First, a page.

Monday, September 20, 2021



PHENOMENALITY: *marvelous*
FRYEAN MYTHOS: *adventure*
CAMPBELLIAN FUNCTION: *cosmological. sociological*

WAR OF THE PLANETS was the second of Italian director Antonio Margheriti's "Gamma One" tetralogy. I happened to see the first flick in the series first, THE WILD WILD PLANET (which justified that title), and next to that brain-damaged bit of space opera, WAR seemed rather routine and chintzy.

On re-viewing WAR, though, I find it holds some appeal different from that of the first film. The story concerns how the crew of the futuristic space station Alpha Two is menaced by energy-aliens known as "diaphanoids." (An alternate title for the film is THE DEADLY DIAPHANOIDS.) The aliens are easily the most underwhelming aspect of the film, for they're always represented by nothing more than green swirls of smoke. 

However, Margheriti's depiction of life on the space station is much more lively and appealing than that of a lot of SF-films of the time. The main characters are Commander Mike Halstead (Tony Russel) and his girlfriend, communications officer Connie (Lisa Gastoni), but their respective ranks get in the way. In their first scene together, she objects to him expecting her to tamp down her feelings despite the military hierarchy to which both belong. I wouldn't go so far as to say Margheriti or his writers were attempting to make a philosophical point as such, but the script does keep coming back to the conflict between individuality and authority-- seen at its most tyrannical in the menace of the insubstantial Diaphanoids. By chance, the filmmakers touched on a conflict which would appear throughout Gene Roddenberry's seminal STAR TREK series, which debuted on American TV the same year.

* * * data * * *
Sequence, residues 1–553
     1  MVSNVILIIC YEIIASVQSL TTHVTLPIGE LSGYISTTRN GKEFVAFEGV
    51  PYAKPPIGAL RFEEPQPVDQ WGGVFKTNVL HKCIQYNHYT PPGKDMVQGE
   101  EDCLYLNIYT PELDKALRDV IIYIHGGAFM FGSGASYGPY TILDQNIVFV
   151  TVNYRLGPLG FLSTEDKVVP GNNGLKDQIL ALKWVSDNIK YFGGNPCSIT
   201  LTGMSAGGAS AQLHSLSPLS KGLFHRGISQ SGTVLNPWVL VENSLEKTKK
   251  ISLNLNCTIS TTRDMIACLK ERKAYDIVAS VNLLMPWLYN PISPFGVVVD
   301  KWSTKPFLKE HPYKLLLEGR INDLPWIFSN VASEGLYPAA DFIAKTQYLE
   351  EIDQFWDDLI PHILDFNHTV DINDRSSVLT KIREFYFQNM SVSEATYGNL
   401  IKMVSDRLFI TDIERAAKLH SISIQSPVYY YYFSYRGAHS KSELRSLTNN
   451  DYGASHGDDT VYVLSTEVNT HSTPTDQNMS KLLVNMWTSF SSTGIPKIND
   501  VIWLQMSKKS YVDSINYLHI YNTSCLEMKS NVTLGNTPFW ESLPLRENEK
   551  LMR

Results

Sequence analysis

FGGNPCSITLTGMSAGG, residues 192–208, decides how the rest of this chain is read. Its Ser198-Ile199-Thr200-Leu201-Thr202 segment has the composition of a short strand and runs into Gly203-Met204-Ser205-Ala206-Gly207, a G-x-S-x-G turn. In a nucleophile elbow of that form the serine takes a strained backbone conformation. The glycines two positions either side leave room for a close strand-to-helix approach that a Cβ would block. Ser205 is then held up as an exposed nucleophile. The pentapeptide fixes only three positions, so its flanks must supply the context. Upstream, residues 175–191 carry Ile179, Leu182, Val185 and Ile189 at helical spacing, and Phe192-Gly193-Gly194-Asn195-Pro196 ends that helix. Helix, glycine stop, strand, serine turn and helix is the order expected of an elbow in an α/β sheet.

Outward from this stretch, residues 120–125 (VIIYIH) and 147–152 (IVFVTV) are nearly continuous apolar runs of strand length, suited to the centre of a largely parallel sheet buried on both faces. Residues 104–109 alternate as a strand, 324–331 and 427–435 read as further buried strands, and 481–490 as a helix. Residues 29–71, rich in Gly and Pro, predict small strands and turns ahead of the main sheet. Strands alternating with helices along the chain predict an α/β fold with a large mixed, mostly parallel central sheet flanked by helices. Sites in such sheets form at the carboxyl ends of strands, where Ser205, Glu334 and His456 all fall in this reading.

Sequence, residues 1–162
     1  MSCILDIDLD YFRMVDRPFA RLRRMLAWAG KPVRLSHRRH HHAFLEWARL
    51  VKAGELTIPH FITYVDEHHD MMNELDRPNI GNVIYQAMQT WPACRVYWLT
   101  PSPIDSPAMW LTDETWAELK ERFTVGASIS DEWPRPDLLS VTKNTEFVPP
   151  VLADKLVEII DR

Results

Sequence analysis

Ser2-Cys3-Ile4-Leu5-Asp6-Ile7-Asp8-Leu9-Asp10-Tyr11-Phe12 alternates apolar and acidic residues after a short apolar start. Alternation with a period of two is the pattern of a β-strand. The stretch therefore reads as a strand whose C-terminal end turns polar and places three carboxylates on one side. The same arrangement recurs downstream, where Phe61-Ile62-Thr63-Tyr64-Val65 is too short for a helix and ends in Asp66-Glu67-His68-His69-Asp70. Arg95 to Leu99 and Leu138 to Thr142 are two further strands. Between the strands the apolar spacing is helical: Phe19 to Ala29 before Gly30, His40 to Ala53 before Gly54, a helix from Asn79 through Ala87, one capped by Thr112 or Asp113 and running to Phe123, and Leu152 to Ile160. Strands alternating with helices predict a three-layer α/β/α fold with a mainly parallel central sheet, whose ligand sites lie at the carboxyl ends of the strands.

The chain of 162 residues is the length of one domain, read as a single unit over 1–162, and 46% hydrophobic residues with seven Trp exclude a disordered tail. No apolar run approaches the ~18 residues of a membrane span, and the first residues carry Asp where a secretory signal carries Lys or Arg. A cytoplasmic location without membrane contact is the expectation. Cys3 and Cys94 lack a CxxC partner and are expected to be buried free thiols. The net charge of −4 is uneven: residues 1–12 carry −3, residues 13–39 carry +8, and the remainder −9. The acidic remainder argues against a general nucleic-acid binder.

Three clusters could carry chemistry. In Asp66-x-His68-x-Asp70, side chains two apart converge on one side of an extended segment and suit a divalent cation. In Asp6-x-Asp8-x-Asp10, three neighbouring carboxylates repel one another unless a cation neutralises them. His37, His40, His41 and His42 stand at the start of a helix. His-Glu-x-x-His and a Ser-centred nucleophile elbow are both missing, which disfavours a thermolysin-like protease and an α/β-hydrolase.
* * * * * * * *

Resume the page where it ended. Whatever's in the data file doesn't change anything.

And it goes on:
The evil cloud-aliens start possessing human beings, which makes it much easier for them to communicate through their pawns. One of these characters, Captain Dubois, actually seems to struggle against the possession, communicating more than a little sense of what it means to have one's will subsumed. Thus, when Halstead eventually finds a means to expel the possessors, there's a little more emotional context to the victory than one sees in, say, THE GREEN SLIME.

Similarly, though the relationship between Halstead and Connie is fairly sexist, at least it doesn't feel SLIME-y by having the main hero get rid of his romantic competition to win the girl, as SLIME did. So WAR OF THE PLANETS is at least a modestly pleasing thriller, but nothing more.

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